Every once in a while I have a chance to work near or around dogs; not a big deal most of the time since I’ve got a couple myself. I’m aware that dogs are territorial by nature and so it makes a difference on whether the dog is on his own property or just roaming around loose.
I had to make keys to a Buick Regal this afternoon, one that had been towed in on a wrecker and parked in the field behind a small car dealership. No sooner had I parked my truck to begin work when another fellow drove his trunk up and pointed to a trailer that he wanted to hook up; I needed to move up and give him enough room and then get back to my own job.
I made the door key and it worked fine. The ignition used a double sided key with a VAT chip, something that would take a bit more time. Tim, the owner came walking back, happy that I’d made progress as he stood next to me, making small talk and trying to make some kind of point.
“Dogs don’t bother you do they.” He said, half way between a question and a statement of fact. “You parked much further back than I thought you would.” Tim had once been a police officer and he was trying to tell me something, his quiet manner not much different than usual as I looked around. I noticed a cable that lay on the ground that disappeared from view as it went under a truck parked off to the side.
“No, dogs and I get along most of the time.” I looked a little closer and saw the shape of a nose, a rather large nose in the shadows under the truck. His watch dog was content to let me work as he slept in the 90 degree mid day heat, tucked away in the cool shade provided by the truck.
“My Rottweiler is kind of picky about letting anyone back here.” I glanced at the length of cable and calculated that it would not have made any difference; the car I was working on was within reach regardless of where I’d parked. I continued working and kept an eye out for movement under the truck. I decided to back my truck up, mostly to make my friend Tim feel better.
“If he bites me it’ll show up in the final bill”, I joked knowing that I was already going to make a good bit on VAT key job.
The Rottweiler came over and wanted to see what was going on, giving my leg a sniff and taking note of some residual odor from my dogs worthy of a second sniff. Satisfied that I wasn’t a bad guy the dog returned to the shade and I completed the job, the only sweat produced was from the heat of the day, not from worrying about the dog.
I ended up having to remove and repair the ignition switch; there were a couple of bent wafers preventing it from working properly. Once those damaged parts were replaced it worked the way it was supposed to.
I remember having encountered big dogs while working as a police officer. One evening my regular partner and I were walking past one of the blue and whites parked on the hill behind the police station on our way up to the office. The back window was down, something which should have alerted us as we casually walked past. From the back seat all we could see was a dog with huge jaws snapping out a warning as our confidence level fell off the scale. “So that’s what the K-9 units look like!”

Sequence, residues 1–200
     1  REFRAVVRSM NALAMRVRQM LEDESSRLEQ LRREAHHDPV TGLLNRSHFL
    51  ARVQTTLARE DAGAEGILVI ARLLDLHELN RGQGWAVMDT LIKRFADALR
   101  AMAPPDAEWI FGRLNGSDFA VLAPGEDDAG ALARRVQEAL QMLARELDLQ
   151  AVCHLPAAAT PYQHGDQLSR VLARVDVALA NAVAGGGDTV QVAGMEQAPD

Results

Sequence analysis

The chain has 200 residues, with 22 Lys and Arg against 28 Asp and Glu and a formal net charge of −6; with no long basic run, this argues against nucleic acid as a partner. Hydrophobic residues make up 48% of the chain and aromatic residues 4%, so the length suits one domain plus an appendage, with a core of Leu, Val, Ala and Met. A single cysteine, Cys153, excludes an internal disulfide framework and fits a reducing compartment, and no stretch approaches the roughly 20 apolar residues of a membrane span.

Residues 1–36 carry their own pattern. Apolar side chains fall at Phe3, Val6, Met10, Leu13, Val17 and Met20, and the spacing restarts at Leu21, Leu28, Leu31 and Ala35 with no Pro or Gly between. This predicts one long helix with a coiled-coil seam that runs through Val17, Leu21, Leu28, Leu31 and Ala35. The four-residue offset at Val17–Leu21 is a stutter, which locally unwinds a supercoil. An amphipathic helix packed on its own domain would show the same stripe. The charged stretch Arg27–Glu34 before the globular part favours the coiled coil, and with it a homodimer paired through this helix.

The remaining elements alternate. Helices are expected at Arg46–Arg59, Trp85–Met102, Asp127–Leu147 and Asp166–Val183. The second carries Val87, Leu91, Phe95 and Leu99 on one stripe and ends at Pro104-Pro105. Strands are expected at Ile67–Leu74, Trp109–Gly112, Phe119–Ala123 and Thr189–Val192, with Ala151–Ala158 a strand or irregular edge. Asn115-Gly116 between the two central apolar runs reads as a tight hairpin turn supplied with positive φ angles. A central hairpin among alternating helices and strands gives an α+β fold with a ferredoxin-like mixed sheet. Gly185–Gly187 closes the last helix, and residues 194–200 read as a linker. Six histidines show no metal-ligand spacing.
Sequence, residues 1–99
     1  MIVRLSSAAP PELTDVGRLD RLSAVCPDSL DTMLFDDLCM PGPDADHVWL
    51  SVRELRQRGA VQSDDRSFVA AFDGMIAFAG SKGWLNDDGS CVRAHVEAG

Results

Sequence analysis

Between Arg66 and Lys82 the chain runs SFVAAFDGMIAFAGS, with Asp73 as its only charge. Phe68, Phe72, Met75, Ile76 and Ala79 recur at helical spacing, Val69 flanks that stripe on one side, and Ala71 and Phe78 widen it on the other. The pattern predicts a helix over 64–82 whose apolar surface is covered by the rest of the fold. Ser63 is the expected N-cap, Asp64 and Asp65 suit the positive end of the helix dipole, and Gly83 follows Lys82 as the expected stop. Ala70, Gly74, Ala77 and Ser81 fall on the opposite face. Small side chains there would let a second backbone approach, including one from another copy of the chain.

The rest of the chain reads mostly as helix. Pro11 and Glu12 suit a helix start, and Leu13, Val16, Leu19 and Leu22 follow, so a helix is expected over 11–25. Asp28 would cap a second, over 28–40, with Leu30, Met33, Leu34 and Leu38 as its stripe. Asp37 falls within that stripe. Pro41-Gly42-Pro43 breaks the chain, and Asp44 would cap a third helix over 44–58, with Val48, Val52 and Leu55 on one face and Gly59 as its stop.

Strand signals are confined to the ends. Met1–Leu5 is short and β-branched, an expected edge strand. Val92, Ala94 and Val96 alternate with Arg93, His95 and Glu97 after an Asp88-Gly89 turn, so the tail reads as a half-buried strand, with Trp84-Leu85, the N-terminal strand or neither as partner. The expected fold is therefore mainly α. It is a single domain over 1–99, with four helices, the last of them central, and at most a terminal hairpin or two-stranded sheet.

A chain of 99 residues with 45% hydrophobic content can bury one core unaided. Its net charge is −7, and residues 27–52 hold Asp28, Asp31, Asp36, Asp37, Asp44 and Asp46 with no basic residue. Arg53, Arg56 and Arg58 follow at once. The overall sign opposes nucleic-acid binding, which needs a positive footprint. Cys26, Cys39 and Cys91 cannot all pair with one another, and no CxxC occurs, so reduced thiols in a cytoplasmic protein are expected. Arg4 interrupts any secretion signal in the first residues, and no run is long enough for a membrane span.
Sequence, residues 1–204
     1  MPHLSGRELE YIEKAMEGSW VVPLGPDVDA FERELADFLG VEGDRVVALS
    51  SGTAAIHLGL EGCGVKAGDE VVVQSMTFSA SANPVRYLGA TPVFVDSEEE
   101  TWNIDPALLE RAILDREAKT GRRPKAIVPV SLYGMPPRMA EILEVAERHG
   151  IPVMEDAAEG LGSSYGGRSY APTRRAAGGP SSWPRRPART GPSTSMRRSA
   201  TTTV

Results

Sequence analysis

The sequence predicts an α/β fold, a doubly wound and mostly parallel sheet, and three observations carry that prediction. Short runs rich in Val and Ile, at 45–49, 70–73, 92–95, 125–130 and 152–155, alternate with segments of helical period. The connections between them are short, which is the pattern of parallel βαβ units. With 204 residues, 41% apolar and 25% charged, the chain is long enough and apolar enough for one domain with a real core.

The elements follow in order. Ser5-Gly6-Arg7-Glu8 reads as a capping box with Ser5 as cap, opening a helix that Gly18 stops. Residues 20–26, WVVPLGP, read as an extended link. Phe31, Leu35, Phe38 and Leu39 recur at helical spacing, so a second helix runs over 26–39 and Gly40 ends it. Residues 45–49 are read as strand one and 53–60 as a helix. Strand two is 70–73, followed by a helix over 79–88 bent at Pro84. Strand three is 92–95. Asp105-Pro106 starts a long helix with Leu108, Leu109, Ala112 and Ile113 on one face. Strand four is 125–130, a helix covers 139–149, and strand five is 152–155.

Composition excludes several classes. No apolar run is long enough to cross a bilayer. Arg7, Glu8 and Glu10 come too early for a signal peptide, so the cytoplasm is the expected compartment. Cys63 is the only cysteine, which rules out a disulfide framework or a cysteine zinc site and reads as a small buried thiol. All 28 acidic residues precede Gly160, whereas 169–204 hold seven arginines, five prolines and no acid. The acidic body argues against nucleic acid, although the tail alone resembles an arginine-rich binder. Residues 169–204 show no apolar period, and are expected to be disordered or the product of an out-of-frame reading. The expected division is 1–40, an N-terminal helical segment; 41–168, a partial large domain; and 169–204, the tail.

We made a burglary of an auto parts store one Sunday on the near East End of town. The bad guys had taken a parking meter and heaved it through the front window to gain entry. Upon arrival we made some quick observations, the first was that there was no way we were going to be able to enter the store; a black German Shepherd had taken up a position where the post lay inside the broken window. We tried to contact the owner; but he was unavailable. We ended up leaving the building, “Turned over to guard dog”.
While working night shift patrol I got a call on a residential alarm at the back of a subdivision. Another two man unit checked by and we noticed the tall fence with a sign, “Beware of Dog” as we carefully looked for signs of forced entry. We scanned the back yard with our flashlights but couldn’t see any dogs as we continued looking the house over for signs of entry. The two younger officers walked around the other side of the back yard while I took the side nearest the garage.
I stopped long enough to recognize a large rectangular “doggie door”. I saw something move in the darkness of the opening, a dog’s head about the size of a basketball. It was a Rottweiler trying to figure out who was in his back yard. He wasn’t sure if we were good guys or the bad guys, at least there was a puzzled look on his face, his head taking up most of the doggie door as he peered out at us.
“Big dog.”, I exclaimed in a carefully measured announcement to the officers who had already put themselves in a corner on the wrong side of the yard. I noticed their flashlights as they found the target I’d highlighted on the back of the garage. We all walked to the gate and exited without the dog ever leaving the safe confines of the garage.
The last dog story I’ll share happened on night shift in front of a nightclub that had caught on fire ( set on fire to collect on insurance as it later turned out ). Several police cars arrived before the fire department because it went out as an alarm. When the fire trucks needed to get closer we all moved our cars out of the way; all except the K-9 unit officer who was on the far side of the building.
One of the rookies noticed the keys were in the ignition switch and volunteered to move the car across the street. We all watched in amazement as he opened the door, cranked it up and completed the self imposed assignment; never once noticing the huge police dog in the back seat. The dog must have been as surprised as we were; he never growled or snapped those very efficient jaws. God must watch out for locksmiths, cops and especially for rookies..